Runestad looks to rein in rising utility costs with new bill

Runestad looks to rein in rising utility costs with new bill

LANSING, Mich. — State Sen. Jim Runestad on Tuesday introduced legislation to slow rising utility rates by requiring companies to adhere to actual cost data instead of anecdotal future projections when seeking rate increase approval from the Michigan Public Service Commission (MPSC).

As of December 2023, Michigan’s residential utility customers were paying the 11th highest electricity rates in the nation, according to data from the U.S. Energy Information Administration. That same month, the MPSC approved a $368 million rate increase for DTE Electric Co. customers.

“Under Michigan’s unfair system, the customer is always the loser — always paying more while these companies rake in profits,” said Runestad, R-White Lake. “This madness must be stopped, and my bill will put an end to seemingly endless sky-is-the-limit rate hikes.”

When a utility provider seeks a rate increase, it files an application with the MPSC, including a list of all costs and revenues over a 12-month period to support the notion that a rate increase is necessary. That 12-month window is called the “test period” or the “test year” and its critical in terms of setting rates.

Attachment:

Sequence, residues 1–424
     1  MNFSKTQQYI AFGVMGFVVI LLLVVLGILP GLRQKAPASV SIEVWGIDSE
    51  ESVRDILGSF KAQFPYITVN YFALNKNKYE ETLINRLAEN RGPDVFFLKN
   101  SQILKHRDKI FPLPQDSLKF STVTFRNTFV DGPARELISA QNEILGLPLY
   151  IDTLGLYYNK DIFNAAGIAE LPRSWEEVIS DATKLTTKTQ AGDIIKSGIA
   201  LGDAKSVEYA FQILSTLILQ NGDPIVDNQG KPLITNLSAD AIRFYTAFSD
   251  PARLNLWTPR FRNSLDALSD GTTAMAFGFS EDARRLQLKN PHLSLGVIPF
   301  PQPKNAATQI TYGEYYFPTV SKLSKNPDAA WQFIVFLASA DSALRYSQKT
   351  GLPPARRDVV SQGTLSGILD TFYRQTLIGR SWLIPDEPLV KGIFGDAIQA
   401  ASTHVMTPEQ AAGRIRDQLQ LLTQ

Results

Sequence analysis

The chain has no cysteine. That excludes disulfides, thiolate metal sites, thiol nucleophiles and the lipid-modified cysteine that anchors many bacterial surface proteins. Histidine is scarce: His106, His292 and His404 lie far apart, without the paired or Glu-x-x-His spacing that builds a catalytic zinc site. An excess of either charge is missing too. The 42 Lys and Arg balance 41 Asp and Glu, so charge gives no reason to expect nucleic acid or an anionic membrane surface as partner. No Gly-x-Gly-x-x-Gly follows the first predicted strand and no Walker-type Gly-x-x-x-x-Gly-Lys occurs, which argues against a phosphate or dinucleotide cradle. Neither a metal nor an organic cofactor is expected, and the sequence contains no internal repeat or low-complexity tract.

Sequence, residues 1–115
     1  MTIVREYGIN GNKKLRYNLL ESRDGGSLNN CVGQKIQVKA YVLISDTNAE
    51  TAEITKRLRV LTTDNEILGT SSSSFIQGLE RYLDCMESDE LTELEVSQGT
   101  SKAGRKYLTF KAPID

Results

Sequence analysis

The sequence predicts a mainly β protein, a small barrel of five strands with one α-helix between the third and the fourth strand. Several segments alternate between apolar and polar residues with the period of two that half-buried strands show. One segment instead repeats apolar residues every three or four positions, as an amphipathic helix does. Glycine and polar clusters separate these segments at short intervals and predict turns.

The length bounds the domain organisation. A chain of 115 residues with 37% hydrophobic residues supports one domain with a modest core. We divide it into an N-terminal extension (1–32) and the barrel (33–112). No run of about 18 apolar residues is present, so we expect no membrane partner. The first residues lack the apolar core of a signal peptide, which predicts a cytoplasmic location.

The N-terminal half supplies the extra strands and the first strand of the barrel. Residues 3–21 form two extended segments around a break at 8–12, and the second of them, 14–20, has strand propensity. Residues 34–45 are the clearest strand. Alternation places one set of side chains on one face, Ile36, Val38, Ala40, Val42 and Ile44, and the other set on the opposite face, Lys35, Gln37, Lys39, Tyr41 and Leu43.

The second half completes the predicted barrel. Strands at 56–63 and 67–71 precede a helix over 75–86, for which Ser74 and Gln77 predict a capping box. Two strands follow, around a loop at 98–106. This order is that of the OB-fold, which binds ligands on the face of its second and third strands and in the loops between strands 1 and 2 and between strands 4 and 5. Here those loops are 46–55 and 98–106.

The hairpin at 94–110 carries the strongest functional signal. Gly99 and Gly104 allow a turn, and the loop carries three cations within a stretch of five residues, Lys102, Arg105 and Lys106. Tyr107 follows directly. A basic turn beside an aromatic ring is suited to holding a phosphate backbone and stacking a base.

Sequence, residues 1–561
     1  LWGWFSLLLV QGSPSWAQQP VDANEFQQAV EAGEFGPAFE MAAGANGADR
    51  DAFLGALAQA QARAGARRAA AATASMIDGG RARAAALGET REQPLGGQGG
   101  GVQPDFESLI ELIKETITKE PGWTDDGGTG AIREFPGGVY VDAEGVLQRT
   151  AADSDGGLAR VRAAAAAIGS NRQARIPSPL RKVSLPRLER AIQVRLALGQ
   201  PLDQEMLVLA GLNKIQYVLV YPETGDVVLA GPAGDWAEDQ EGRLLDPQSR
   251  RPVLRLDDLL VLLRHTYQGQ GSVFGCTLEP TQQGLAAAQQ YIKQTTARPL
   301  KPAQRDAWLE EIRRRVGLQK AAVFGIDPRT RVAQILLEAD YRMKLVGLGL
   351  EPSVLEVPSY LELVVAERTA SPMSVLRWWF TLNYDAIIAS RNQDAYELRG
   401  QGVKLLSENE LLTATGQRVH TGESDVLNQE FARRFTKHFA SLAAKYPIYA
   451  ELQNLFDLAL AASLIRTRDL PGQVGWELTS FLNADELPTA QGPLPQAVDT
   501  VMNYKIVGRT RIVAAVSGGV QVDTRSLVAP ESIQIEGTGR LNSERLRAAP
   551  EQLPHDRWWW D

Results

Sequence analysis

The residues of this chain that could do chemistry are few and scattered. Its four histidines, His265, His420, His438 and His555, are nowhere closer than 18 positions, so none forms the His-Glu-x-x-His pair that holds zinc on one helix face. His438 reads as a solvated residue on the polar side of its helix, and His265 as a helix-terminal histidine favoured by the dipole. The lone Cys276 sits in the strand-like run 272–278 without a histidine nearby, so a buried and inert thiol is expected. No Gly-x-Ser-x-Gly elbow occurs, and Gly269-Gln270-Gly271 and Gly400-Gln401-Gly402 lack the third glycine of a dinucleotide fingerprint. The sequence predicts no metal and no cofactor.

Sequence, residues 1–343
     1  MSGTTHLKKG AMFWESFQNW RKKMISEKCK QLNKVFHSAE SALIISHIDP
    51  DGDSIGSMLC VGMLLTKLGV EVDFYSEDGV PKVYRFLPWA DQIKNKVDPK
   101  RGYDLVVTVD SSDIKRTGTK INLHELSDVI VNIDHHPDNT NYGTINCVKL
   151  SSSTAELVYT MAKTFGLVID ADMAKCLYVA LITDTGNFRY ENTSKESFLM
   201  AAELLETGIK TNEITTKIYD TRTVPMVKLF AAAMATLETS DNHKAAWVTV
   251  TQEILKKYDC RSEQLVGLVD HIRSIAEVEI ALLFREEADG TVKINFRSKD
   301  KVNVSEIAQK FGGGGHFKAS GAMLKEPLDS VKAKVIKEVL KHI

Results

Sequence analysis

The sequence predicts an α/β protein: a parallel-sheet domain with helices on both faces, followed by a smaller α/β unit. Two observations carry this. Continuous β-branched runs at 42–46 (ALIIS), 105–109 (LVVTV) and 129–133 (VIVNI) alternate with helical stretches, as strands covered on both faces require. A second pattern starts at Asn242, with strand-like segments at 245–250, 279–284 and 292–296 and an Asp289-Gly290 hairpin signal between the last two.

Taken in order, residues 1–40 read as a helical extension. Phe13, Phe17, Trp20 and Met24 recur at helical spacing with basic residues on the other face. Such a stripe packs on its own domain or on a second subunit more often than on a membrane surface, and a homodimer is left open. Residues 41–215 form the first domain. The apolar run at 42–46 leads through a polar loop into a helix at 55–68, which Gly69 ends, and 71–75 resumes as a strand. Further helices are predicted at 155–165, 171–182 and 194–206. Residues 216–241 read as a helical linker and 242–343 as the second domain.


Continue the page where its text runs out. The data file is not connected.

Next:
For many years, utilities in Michigan were required to use a historical test year, based on actual costs and revenues, and only adjusted for known and measurable changes. However, changes to energy laws in 2008 authorized utilities to utilize a future test year based on projected costs and revenues to seek rate increases.

“Utility companies have been allowed to propose rate increases on best guesses instead of actual data and it’s no surprise that this make-believe system has resulted in higher bills for customers,” Runestad said. “A utility has nothing to lose by overestimating its costs and everything to gain because projected test years shift business risks away from utilities to the bank accounts of ratepayers. When actual costs are lower than predicted, it’s the utility company — not the customers — who receives the benefit.”

Runestad said Senate Bill 812 would require utility companies to once again rely on actual costs when requesting rate increase approval from the MPSC instead of future projections that have been allowed since 2008.

Last year, he introduced several other bills to curb of the ever-increasing electricity costs and help Michigan’s consumers. SB 296 would establish reporting requirements for utility providers to make their lobbying efforts more transparent. Additionally, SBs 297 and 298 would require MPSC members to be elected by statewide vote rather than be appointed by the governor.

“By answering directly to voters, these bureaucrats will be more motivated to hold the state’s utility providers accountable,” Runestad said. “Accountability inspires accountability. Legislators must be willing to step up to help protect consumers against what are essentially the utility pseudo-monopolies of our state. Michigan residents deserve affordable and reliable energy.”


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